German Oceanographic Museum begins provenance research - Foundation provides financial support
The German Oceanographic Museum in Stralsund started a provenance research project at the beginning of September. It is funded by the German Lost Art Foundation in Magdeburg.
The project aims to answer the question of whether any objects seized as a result of Nazi persecution (Nazi-confiscated property), especially those of Jewish ownership, unlawfully entered the holdings of the Stralsund museum between 1933 and 1945 with the collection of Otto Dibbelt. Otto Dibbelt was the founder of Stralsund’s Natural History Museum, which later became the Oceanographic Museum. In the 1930s and until the mid-1940s, as the director of the Kolberg museum, Otto Dibbelt created an extensive natural history and cultural history collection, which was moved to Stralsund during the war. This collection was incorporated into the holdings of the German Oceanographic Museum and the Stralsund Museum.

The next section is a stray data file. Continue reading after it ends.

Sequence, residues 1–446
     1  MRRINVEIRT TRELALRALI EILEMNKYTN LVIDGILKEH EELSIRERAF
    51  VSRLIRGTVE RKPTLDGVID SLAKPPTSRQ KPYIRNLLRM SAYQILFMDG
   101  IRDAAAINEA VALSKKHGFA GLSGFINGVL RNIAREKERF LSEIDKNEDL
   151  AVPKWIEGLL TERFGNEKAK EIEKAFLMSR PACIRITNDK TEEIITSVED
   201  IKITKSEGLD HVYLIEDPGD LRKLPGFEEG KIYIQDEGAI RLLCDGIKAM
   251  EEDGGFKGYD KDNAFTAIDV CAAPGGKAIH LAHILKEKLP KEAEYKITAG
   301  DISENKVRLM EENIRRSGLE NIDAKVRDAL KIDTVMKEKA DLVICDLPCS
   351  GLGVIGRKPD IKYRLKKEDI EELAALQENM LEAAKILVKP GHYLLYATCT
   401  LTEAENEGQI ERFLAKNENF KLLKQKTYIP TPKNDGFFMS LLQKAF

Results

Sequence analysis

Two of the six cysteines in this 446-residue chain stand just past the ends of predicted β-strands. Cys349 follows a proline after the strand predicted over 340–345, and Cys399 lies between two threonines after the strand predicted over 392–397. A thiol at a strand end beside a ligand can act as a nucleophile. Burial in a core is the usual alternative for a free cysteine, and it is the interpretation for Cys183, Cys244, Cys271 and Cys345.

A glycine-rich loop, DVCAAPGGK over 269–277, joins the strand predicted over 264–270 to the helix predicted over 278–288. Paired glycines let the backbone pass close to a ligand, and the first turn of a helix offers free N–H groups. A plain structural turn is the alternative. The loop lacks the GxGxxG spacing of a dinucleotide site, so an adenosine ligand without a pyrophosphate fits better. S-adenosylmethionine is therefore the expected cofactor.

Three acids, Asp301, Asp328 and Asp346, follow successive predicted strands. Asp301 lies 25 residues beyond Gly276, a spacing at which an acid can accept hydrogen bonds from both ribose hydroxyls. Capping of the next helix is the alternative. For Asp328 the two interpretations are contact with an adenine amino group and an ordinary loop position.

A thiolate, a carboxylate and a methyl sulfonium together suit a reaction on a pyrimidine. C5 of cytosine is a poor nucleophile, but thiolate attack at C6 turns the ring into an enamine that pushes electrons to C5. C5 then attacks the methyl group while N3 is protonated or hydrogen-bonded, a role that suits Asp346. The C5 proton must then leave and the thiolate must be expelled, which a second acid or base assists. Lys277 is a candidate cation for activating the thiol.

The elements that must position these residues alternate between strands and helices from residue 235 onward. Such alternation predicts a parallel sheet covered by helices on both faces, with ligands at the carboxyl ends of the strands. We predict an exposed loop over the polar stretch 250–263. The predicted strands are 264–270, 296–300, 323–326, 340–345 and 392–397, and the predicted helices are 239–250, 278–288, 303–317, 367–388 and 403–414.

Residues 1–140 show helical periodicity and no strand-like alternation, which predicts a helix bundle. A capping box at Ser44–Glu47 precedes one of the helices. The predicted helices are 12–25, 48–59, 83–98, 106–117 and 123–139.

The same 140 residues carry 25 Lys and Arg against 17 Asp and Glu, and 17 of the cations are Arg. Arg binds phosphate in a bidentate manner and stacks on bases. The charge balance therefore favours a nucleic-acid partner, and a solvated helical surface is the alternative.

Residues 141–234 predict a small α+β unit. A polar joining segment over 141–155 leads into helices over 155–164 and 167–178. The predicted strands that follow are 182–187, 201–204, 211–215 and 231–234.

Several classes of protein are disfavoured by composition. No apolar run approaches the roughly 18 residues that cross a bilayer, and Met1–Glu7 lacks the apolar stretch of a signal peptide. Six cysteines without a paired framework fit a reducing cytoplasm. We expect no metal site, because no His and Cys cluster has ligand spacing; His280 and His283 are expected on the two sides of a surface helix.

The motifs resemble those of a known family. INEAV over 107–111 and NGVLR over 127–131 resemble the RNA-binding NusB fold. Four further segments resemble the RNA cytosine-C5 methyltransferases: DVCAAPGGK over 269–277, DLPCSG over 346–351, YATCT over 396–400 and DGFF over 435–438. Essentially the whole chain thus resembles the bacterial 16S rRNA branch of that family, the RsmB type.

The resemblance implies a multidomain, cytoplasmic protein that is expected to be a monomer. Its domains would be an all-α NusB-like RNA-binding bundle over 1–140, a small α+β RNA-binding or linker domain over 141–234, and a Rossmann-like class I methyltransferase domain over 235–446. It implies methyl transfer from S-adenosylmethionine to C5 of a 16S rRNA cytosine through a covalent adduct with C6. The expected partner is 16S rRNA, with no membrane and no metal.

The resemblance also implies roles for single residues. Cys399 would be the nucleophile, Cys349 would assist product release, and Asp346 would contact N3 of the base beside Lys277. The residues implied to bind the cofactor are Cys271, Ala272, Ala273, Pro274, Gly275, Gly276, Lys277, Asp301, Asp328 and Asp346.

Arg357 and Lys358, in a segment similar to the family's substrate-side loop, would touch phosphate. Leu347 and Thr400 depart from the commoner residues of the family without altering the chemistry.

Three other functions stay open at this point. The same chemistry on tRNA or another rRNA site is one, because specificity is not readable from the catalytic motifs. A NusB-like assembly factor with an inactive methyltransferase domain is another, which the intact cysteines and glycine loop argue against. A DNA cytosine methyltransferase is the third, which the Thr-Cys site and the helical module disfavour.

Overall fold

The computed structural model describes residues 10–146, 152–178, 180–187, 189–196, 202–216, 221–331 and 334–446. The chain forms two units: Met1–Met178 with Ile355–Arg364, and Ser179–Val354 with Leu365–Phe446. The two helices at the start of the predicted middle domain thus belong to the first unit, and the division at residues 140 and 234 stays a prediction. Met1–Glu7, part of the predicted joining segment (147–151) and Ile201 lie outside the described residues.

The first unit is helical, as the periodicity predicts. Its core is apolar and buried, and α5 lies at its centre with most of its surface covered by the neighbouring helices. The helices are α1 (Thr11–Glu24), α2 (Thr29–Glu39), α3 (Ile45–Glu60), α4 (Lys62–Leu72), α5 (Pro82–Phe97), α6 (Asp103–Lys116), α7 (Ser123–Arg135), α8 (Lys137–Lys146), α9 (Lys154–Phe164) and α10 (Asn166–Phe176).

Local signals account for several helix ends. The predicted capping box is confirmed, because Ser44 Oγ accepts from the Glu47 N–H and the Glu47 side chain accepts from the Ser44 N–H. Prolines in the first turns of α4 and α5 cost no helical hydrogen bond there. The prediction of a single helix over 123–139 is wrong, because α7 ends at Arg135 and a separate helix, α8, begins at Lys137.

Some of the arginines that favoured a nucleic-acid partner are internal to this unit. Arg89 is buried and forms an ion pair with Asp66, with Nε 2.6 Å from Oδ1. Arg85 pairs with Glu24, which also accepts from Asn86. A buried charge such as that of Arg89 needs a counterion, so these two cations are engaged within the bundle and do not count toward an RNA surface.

In researching its objects and their origin, the Oceanographic Museum ultimately aims to give back any objects that are proven to have been acquired as a result of persecution. The museum will identify the rightful heirs and seek a fair and just solution for the objects concerned in accordance with the Washington Conference Principles and the Declaration of the German Federal Government, German states and leading municipal associations to locate and return cultural assets confiscated through Nazi persecution.